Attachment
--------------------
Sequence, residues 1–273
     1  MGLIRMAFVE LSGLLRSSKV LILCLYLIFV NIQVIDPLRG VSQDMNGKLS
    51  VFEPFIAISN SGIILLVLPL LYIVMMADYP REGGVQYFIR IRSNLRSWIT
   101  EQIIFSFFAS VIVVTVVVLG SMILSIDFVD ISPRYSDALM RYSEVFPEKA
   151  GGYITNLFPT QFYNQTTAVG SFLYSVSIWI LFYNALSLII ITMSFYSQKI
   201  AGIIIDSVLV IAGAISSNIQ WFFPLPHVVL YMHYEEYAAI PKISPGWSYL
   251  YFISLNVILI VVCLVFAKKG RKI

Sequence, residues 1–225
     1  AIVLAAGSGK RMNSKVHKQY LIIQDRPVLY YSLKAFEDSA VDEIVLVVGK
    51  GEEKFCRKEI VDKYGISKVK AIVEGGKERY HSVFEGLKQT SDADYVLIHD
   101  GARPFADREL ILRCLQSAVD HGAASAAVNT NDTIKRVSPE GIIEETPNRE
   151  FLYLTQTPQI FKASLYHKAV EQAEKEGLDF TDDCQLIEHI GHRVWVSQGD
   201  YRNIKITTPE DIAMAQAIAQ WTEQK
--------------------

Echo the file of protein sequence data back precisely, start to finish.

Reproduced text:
Sequence, residues 1–273
     1  MGLIRMAFVE LSGLLRSSKV LILCLYLIFV NIQVIDPLRG VSQDMNGKLS
    51  VFEPFIAISN SGIILLVLPL LYIVMMADYP REGGVQYFIR IRSNLRSWIT
   101  EQIIFSFFAS VIVVTVVVLG SMILSIDFVD ISPRYSDALM RYSEVFPEKA
   151  GGYITNLFPT QFYNQTTAVG SFLYSVSIWI LFYNALSLII ITMSFYSQKI
   201  AGIIIDSVLV IAGAISSNIQ WFFPLPHVVL YMHYEEYAAI PKISPGWSYL
   251  YFISLNVILI VVCLVFAKKG RKI

Sequence, residues 1–225
     1  AIVLAAGSGK RMNSKVHKQY LIIQDRPVLY YSLKAFEDSA VDEIVLVVGK
    51  GEEKFCRKEI VDKYGISKVK AIVEGGKERY HSVFEGLKQT SDADYVLIHD
   101  GARPFADREL ILRCLQSAVD HGAASAAVNT NDTIKRVSPE GIIEETPNRE
   151  FLYLTQTPQI FKASLYHKAV EQAEKEGLDF TDDCQLIEHI GHRVWVSQGD
   201  YRNIKITTPE DIAMAQAIAQ WTEQK